It was in 1963 that we were hit by a real bomb, however, when Paul J. Cohen discovered his method of ‘forcing’… Set theory could never be the same after Cohen, and there is simply no comparison whatsoever in the sophistication of our knowledge about models for set theory today as contrasted to the pre-Cohen area. One of the most striking consequences of his work is the realization of the extreme relativity of the notion of cardinal number. Dana Scott in (Bell 2005, p.xiv)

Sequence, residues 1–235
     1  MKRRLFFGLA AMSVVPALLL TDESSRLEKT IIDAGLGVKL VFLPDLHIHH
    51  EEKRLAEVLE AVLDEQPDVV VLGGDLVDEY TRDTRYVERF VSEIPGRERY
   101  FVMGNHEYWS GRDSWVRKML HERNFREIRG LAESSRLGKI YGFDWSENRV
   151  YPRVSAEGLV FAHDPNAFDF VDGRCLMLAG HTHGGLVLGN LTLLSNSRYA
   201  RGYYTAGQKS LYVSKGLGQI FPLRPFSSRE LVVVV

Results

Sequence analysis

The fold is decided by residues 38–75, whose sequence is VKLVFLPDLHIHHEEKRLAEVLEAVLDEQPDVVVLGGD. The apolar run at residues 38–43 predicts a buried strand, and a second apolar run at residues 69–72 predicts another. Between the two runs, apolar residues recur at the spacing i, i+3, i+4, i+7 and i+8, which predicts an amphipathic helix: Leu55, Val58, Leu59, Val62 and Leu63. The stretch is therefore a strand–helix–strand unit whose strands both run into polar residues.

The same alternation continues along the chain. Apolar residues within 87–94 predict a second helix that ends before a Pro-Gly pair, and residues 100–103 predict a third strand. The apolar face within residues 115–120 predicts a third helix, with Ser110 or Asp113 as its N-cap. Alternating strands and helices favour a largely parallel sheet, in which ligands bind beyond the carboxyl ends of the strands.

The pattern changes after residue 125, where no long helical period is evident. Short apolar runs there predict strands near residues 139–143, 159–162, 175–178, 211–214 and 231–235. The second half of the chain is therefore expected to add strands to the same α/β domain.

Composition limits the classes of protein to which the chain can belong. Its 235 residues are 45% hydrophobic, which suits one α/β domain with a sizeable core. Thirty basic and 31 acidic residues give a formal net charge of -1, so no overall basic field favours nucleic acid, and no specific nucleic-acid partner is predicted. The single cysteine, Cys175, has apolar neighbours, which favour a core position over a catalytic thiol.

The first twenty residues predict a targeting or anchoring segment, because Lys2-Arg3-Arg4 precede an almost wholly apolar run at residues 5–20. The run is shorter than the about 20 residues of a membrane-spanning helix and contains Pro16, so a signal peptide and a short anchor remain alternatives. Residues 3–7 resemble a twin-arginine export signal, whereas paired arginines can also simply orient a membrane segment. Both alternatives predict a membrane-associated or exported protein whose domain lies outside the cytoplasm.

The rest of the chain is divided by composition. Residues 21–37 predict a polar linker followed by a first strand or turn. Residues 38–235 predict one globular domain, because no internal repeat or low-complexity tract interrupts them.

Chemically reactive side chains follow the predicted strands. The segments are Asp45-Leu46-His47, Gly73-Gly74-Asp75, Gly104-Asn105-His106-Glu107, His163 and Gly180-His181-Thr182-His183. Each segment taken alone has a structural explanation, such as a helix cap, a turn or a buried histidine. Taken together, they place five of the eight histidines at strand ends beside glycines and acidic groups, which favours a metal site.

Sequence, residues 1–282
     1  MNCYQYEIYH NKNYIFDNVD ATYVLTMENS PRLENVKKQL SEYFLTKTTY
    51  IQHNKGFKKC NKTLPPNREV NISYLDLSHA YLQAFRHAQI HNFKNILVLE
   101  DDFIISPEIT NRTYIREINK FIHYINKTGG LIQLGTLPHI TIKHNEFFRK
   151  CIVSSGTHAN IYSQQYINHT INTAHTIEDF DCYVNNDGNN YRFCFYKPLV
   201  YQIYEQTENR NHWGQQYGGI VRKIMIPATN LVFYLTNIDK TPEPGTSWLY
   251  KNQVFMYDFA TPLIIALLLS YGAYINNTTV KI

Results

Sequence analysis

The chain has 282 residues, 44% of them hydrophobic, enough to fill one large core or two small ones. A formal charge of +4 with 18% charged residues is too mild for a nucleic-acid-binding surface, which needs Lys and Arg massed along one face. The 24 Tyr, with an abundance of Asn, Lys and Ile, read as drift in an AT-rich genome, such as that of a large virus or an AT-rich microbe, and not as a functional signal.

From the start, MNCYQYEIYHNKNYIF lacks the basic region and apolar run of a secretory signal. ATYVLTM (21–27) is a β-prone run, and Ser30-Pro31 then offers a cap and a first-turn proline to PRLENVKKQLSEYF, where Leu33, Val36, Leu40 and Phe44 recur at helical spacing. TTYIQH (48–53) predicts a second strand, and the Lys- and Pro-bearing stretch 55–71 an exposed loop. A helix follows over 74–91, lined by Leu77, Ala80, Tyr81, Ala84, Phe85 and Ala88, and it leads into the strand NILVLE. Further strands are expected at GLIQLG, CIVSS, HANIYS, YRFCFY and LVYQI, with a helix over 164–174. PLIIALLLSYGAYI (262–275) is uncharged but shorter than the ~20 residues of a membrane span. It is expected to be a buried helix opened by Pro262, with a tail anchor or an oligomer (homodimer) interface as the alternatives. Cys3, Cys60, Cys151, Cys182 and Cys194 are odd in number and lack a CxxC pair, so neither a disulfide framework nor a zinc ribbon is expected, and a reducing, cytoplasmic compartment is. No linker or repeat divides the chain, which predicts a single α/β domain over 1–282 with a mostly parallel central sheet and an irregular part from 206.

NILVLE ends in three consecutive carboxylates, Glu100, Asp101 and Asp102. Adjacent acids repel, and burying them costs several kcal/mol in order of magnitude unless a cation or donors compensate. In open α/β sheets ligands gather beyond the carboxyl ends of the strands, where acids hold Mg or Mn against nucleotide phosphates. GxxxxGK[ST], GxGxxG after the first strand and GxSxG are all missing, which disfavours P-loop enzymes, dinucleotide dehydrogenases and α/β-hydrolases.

From a broader perspective Cohen’s results fit nicely into the landscape of relativising set theory and the rise of ‘variable sets’in the work of Grothendieck, Lawvere and Tierney on topos theory in the 60s and afterwards.